Moving Averages (MAs) are often the first indicator introduced to a newbie in any financial market. They remain the bread-and-butter approach in chart and time series analysis. Some of the most experienced investors will rely primarily on Moving Averages to identify trends with proven success.
In fact, most indicators will feature an MA somewhere in their construction. We get many types of Moving Averages since several methods of calculating them exist.
However, the most unanimously used continue being Simple and Exponential. These have some subtle but noteworthy differences, which we’ll explore further here in this article.
The basics of Moving Averages
Moving Averages are the most basic approach for traders to identify whether a market is on an uptrend or downtrend.
MAs rely on the principle that if the price is higher than its average over a set period, it’s likely to continue moving in that direction; the opposite is true when it’s lower than the average over a certain number of days.
Proponents of MAs believe in mean reversion, referring to the concept that an asset’s price will always revert to its average (mean) over time.
In simple terms, any well-established trending market consists of many pullbacks as it moves in a step-like motion. MAs are one tool used to pinpoint entries into these scenarios.
The main differences between SMAs and EMAs
As previously mentioned, we have the simple (SMA) and exponential (EMA) Moving Average. An SMA takes the closing prices over a certain number of days and divides it by that period.
For instance, a 10-day SMA will take the closing prices over the past ten days, divide them by ten, and that’s it. However, the EMA is slightly different. Its calculation will add a smoothing constant of 2/(1+N), where N equals the number of days.
This weighting results in the EMA placing greater relevance on recent prices than all prices in a period. The EMA is designed in a way where each data point decreases in weight over time as new data is added.
Therefore, most analysts agree that the EMA is slightly better as it’s more sensitive to newer values that are considered the most relevant. The chart below shows the SMA (in blue), and EMA (in orange) plotted on a GBPCAD daily chart using the same 100-day period.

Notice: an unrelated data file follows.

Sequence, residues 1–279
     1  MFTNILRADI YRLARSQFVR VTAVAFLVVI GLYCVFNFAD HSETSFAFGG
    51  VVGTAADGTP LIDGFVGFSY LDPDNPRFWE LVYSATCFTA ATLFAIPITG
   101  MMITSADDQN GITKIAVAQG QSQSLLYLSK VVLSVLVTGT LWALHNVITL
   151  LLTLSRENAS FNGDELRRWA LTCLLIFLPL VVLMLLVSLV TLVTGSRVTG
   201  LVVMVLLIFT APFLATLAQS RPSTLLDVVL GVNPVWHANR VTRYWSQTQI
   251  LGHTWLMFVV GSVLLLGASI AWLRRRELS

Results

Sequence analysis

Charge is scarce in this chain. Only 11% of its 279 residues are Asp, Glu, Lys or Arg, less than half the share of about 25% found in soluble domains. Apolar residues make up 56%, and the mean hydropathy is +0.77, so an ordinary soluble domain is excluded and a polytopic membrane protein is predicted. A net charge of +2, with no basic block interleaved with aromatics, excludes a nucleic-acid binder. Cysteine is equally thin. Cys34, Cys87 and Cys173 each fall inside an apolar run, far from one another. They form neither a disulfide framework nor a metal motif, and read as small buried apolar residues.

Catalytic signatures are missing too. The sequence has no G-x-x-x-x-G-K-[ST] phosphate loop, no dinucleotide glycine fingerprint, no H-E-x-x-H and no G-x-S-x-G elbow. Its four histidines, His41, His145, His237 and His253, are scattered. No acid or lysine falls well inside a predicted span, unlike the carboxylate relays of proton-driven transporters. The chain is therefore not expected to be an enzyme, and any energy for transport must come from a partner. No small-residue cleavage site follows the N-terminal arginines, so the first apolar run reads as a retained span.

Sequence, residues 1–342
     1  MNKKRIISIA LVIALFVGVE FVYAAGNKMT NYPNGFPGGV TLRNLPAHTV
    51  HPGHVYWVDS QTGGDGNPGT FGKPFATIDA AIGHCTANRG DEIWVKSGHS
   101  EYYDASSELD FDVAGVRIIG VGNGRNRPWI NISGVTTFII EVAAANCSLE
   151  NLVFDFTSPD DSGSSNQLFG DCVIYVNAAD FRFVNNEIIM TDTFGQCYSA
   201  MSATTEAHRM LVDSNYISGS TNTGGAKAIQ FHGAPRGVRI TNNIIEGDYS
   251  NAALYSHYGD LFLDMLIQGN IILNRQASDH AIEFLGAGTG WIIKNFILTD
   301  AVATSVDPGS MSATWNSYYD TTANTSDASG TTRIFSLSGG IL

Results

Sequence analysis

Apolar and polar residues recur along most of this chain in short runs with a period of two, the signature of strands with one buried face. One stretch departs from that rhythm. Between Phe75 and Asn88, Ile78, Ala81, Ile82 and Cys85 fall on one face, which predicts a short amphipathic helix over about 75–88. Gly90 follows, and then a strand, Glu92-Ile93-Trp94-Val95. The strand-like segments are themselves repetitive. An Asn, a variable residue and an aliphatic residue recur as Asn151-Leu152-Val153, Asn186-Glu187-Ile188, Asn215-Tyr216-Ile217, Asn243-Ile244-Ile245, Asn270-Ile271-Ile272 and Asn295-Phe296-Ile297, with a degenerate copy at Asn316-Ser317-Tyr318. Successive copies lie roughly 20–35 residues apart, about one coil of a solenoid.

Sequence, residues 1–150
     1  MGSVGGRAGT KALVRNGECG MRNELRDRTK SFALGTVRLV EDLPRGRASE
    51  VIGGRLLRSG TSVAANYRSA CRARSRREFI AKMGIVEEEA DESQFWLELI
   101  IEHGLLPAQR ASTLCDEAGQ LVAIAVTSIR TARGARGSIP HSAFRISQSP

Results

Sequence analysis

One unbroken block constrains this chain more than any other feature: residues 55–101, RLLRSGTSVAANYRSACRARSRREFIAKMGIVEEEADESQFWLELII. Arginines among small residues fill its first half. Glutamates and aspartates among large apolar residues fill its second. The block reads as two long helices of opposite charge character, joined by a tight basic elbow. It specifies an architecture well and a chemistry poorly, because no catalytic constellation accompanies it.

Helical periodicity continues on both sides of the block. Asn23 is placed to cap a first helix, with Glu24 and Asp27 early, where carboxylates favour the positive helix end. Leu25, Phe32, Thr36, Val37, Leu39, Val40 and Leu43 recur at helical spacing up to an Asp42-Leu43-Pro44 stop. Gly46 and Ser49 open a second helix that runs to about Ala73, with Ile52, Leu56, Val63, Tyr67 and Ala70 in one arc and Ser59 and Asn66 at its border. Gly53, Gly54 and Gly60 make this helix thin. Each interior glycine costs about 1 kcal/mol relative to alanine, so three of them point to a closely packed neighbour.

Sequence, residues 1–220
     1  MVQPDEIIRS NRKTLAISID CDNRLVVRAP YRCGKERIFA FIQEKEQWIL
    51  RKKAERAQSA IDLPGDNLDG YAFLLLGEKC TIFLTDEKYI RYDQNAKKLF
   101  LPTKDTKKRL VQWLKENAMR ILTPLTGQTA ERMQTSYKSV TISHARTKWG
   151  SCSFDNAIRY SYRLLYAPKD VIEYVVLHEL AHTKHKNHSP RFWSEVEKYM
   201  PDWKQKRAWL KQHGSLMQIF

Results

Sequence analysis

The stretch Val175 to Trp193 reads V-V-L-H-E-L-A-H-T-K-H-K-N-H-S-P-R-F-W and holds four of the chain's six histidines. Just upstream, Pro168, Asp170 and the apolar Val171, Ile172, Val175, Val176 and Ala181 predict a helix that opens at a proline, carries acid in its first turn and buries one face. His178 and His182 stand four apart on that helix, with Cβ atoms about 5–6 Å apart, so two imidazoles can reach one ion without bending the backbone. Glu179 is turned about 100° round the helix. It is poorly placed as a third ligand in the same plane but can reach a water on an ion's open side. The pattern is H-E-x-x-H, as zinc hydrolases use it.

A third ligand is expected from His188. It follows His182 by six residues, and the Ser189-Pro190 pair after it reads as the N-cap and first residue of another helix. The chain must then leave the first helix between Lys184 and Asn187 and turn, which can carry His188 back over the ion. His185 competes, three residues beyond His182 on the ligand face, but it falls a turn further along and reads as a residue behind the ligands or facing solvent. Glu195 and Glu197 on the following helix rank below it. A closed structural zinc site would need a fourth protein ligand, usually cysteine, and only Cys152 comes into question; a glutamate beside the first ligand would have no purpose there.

There doesn’t seem to be much of a difference to the naked eye as both Moving Averages appear to follow the same trajectory. Yet, in the following sections, we’ll explore the pros and cons of each.
The pros and cons of SMAs
Long-term traders typically favor the SMA as they prefer its slowness. As these individuals don’t rush into executing trades, they can afford to wait a little longer until the MA provides a signal.
Ultimately, the SMA will generally get you later into a trend than its counterpart. However, on the other side, it can keep you longer once in a trade than the EMA as it’s less sensitive to price. Let’s go over an example of these occurrences in more detail.
The AUDUSD daily chart shows us where the SMA could have helped a trader not be ‘spooked’ into believing the trend has changed. We can observe the price went under the EMA but not the SMA, which would have implied the uptrend was still in place.
Conversely, the image below shows the main downside of the SMA. On the weekly chart of EURUSD, we see that the price (in the orange ellipses) went below the EMA before the SMA.
If one waited for the market to be under the SMA, they would have entered later into the eventual move, missing out on tens of pips.
The pros and cons of EMAs
EMAs exhibit the opposite qualities of SMAs. Short-term traders, such as day traders and scalpers, prefer these Moving Averages as they react more quickly to price.
If you’re trading in the short term, you rely on constantly changing information, and this is what the EMA offers. However, on the flip side, the EMA will often get you out of a position prematurely where the market may end up continue trending in its previous direction.
As we did with the SMAs, we’ll go over some instances of what we mean in greater specifics. On the NZDCAD 4HR chart below, we see in the ellipse how the price was above the EMA but below the SMA.
If a trader took a signal from the latter, they might have assumed the trend had changed from up to down. However, as the EMA is quicker at spotting trend changes, it provides a bullish signal. After this point, we see the market move upward.
The market was still above the EMA, resulting in the trend continuing up. Let’s now look at where the EMA would have been a disadvantage. On the chart below, we can view the market was trending down before retracing.
Price did go above the EMA (which may have signaled to the trader that the trend was now bullish). Yet, the SMA presented a more reliable trigger (due to its slowness), resulting in continued bearishness.
Ultimately, the SMA is a better candidate for managing trades. Because of its dynamic reaction, the EMA is suited for entering earlier into trends. Yet, as we’ve explored already, the SMA is less reliable for entries, while the EMA is less dependable for trade management.
Therefore, these are some of the subtle but critical differences between the two. We should note that it’s not just the type of Moving Average that matters; the period and time frame are also crucial, as any slight adjustment will produce wildly different results.
So, truthfully, no Moving Average is necessarily better than another, leading traders to experiment with a range of periods, types, and time frames to find what works most consistently for their style, strategy, and experience.
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